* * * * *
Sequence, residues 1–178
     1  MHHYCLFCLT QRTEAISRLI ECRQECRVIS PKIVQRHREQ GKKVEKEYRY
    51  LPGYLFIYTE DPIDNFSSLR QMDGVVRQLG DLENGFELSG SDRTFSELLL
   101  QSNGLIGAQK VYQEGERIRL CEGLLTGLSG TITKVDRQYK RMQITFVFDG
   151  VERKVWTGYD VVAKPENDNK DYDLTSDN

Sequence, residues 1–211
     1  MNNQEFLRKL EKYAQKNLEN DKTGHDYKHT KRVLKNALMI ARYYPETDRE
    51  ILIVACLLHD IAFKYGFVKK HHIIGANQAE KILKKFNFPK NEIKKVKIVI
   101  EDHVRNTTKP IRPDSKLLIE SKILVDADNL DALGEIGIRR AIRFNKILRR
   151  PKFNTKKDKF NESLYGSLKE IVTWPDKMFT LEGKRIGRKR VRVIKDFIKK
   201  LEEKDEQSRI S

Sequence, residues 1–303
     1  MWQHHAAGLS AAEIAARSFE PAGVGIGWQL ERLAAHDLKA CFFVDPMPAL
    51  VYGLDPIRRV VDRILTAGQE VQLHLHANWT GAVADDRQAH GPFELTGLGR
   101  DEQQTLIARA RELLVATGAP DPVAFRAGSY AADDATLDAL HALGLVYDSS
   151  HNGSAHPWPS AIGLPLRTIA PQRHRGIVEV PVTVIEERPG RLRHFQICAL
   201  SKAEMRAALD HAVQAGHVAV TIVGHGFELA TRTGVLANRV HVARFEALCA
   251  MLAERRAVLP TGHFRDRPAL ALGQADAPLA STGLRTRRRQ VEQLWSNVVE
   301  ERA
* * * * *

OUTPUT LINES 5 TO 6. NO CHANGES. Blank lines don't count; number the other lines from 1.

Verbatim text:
   151  VERKVWTGYD VVAKPENDNK DYDLTSDN

Sequence, residues 1–211